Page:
By Timothy Z. LaComb and Jennifer M. Oliver
September 30, 2019, was a big day for college athletics. Alongside Lakers’ star LeBron James (who ironically skipped college), California Governor Gavin Newsom signed the Fair Pay to Play Act (FPTPA), which permits collegiate athletes in California to profit from the use of their names, images and likenesses (NILs) beginning in 2023. The governor said “colleges and universities reap billions from these student athletes’ sacrifices and success but block them from earning a single dollar. That’s a bankrupt model — one that puts institutions ahead of the students they are supposed to serve.”
By enacting the FPTPA, California is knowingly breaking the amateurism rules set by the National Collegiate Athletics Association (NCAA), which preclude athletes from receiving compensation for their NILs beyond the cost of college attendance. The NCAA responded to the bill by threatening to ban all California member colleges from competing in NCAA championship events. The stage is now set for legal challenges from both sides.
For context, the NCAA’s rules restricting students from receiving compensation for their NILs beyond the cost of attendance have been upheld by courts. In O’Bannon v. NCAA, the Ninth Circuit held in an antitrust class action that the NCAA’s rules were an unreasonable restraint of trade without procompetitive justifications to the extent they prevented schools from compensating players “up to the cost of attendance.” Alternatively, the court held the NCAA had procompetitive justifications for restricting compensation beyond that level because an essential element of the “collegiate sports” product is the amateur status of its participants, and that once athletes “have captured the full value of their NIL [name, image, and likeness] . . . the NCAA will have surrendered its amateurism principles entirely and transitioned from its ‘particular brand of football’ to minor league status.”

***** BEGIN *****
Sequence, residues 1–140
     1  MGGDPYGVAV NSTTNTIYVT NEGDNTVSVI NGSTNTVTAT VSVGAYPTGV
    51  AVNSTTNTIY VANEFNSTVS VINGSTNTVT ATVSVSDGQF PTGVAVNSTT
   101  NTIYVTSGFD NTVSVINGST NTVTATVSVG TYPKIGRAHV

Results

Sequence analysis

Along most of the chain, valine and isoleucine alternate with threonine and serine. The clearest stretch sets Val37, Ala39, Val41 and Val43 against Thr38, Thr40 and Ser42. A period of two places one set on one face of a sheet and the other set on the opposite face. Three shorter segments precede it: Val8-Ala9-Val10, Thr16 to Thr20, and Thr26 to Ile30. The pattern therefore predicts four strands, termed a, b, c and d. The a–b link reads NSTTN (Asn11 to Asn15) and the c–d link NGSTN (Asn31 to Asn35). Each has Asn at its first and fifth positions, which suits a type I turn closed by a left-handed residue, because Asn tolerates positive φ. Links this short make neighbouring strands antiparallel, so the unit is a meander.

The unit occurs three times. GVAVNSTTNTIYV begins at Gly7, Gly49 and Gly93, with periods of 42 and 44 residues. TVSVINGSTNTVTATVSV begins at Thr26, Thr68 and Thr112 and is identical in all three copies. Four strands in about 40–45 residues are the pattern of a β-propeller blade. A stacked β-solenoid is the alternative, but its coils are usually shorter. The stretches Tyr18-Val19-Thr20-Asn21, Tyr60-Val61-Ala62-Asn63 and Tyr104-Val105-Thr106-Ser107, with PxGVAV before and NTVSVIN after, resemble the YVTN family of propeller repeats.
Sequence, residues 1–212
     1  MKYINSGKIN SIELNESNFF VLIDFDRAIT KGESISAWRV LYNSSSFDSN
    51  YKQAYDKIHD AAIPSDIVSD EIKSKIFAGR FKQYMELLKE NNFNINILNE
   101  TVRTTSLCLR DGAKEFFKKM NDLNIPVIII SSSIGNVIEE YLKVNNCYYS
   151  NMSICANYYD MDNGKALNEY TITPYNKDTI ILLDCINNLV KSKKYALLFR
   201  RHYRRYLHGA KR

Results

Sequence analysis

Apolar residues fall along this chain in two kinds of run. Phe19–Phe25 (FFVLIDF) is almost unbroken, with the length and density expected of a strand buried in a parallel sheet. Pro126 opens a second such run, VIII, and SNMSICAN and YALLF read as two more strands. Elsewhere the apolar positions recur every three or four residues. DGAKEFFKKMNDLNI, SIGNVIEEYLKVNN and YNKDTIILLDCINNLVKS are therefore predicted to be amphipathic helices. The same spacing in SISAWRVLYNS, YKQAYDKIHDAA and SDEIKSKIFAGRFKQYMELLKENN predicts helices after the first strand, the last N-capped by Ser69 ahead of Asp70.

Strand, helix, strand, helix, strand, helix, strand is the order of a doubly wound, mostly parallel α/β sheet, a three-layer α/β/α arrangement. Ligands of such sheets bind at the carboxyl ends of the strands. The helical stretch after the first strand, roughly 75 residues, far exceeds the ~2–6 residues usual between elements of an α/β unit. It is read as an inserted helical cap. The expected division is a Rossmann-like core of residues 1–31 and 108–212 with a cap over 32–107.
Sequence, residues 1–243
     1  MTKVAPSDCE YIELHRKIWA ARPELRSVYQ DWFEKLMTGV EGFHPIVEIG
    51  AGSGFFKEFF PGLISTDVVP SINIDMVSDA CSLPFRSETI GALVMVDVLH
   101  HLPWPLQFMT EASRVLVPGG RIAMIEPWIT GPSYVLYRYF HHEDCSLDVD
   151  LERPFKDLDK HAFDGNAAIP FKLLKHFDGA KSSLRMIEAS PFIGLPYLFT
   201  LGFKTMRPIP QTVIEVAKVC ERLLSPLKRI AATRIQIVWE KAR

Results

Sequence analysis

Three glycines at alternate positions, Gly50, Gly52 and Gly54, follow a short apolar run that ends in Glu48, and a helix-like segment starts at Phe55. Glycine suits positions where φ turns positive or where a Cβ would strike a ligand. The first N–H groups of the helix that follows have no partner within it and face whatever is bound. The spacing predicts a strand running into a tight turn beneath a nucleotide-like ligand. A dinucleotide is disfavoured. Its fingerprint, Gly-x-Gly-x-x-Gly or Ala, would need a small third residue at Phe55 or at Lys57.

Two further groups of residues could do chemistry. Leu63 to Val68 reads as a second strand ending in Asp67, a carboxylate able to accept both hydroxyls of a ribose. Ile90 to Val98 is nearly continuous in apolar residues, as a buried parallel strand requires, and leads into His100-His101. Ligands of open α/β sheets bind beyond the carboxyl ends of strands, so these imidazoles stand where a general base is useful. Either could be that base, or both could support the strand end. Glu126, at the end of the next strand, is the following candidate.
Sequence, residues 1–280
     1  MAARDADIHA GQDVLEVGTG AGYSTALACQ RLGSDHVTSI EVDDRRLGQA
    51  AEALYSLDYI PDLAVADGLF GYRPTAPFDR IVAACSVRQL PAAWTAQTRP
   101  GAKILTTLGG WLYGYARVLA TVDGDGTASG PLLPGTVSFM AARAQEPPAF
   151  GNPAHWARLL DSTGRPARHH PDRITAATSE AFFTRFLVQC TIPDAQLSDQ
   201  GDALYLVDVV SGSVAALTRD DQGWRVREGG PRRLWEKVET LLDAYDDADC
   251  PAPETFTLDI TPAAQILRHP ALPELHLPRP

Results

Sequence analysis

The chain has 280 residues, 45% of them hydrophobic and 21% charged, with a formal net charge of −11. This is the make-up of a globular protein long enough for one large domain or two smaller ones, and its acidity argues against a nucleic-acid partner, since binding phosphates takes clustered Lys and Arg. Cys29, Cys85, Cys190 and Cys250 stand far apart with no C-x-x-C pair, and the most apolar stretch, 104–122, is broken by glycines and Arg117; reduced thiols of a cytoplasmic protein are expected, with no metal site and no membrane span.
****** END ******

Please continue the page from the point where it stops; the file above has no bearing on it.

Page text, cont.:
Whether the NCAA’s proposed ban of California member colleges violates antitrust laws is a different story. Arguably, by enacting the ban, the NCAA is a monopolist association excluding certain members for refusing to both violate state law and impose a restraint on competition (albeit a restraint that courts have found reasonable). The NCAA could therefore find itself subject to a claim for group boycott in violation of Section 1 of the Sherman Act, as a group of competitors with market power generally cannot agree to not do business with targeted entities.
Critics of the NCAA’s proposed ban could also argue it is an attempt by a private association to seize legislative power from a state government – a practice condemned by early Supreme Court antitrust decisions.
In sum, while there are legal hurdles for parties challenging the ban (e.g., defining a relevant market or proving market power), these plaintiffs may have a viable antitrust claim.
Legal scholars agree. Marc Edelman, a sports business expert and Professor of Law at the Zicklin School of Business, believes parties challenging the ban would have a very strong antitrust case, contending that “the fact pattern of such a litigation would parallel NCAA v. Bd. of Regents very closely, as both would involve plaintiff-members of the NCAA challenging a boycott by the monopolist trade association against certain member schools for seeking to engage in free market economic competition.” Likewise, California state Sen. Nancy Skinner, author of the FPTPA, stated that “[n]umerous legal scholars assert that SB 206 is constitutional and that an NCAA ban of California colleges from championship competition is a clear violation of federal antitrust law.”